Category: History and Philosophy
Understanding the history and theory of both democracy and sociocracy provides a deeper understanding of the principles and practices of what a sociocracy or sociocratic democracy might be, and why. Knowing the intention and development of an idea supports the meaningful application of its principles and practices in everyday life.
Circles should be of any size that allows inclusive and efficient deliberations, generally no larger than 40 members with 20 being the optimal maximum. While circle policy directly affects the people setting the policies, it is beneficial to have circles of sufficient size to include a range of experience and expertise. I tried a different way of dealing with the name thing. I know Gerard doesn’t want sociocracy to be “his” thing but calling it the Endenburg method, referring to Endenburg’s principles and practices, etc. avoids a lot of gunk. We have to resolve this and nothing is working for me. When you write a book, the first thing you do is have a title. It has to have a title. This doesn’t yet. No one… Read More . . . “Happiness” There is nothing about a hierarchy that assumes “the people at the top” are any more intelligent or more highly trained than the people at the bottom. They have a different function, one which requires a specific knowledge base and skill set, not necessarily more of either intelligence or training.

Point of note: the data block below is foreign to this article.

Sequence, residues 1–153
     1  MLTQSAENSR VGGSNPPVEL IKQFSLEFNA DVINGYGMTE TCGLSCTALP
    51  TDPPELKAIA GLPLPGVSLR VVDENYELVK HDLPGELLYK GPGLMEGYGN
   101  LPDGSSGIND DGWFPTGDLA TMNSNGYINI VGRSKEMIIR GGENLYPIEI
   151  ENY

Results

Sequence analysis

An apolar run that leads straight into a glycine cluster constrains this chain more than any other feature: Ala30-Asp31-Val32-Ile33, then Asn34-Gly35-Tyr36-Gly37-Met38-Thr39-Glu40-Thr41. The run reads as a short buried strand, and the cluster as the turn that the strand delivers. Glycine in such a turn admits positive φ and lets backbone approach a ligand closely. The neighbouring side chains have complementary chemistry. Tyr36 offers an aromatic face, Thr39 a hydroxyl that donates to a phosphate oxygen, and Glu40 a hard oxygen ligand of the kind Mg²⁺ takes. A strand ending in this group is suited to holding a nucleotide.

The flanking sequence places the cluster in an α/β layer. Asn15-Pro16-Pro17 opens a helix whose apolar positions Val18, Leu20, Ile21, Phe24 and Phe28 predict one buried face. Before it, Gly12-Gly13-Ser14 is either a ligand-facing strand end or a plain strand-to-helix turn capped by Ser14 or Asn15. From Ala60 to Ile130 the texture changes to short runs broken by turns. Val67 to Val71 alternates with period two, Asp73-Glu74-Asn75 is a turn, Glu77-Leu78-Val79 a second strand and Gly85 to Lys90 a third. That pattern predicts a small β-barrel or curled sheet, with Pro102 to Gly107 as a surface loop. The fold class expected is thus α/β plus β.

A case in point is a university. The president of a college has, one hopes, a certain kind of knowledge and training. The teaching staff… Read More . . . “Hierarchies 101” Relating its own methods/ideas/concepts to those of mainstream management theorists and industry leaders would be good for sociocracy. In fact, I think it is crucial to the wider acceptance of sociocracy for two reasons: Satisfice (a portmanteau of satisfy and suffice) is a decision-making strategy that attempts to meet criteria for adequacy and not to find an ideal solution.
The word satisfice was created by Herbert Simon in 1947. He pointed out that human beings lack the cognitive resources to maximize: we usually do not know the relevant probabilities of outcomes, we can rarely test all outcomes with sufficient precision, and our memories are weak and unreliable. A more… Read More . . . “Satisfice: Satisfying & Sufficient” In another post, I just asserted with no evidence what-so-ever that more than 99% of the world’s population had no knowledge of sociocracy, the world’s most deeply democratic method of governance. Someone might have a method of measuring this but I have a quick way.
When I Googled “sociocracy” in 2002, there were 12 pages listed by Google. Most were repeats of links to Kees Boeke’s essay and to the Sociocratisch Centrum site.
Today, as… Read More . . . “How Many People Know about Sociocracy?”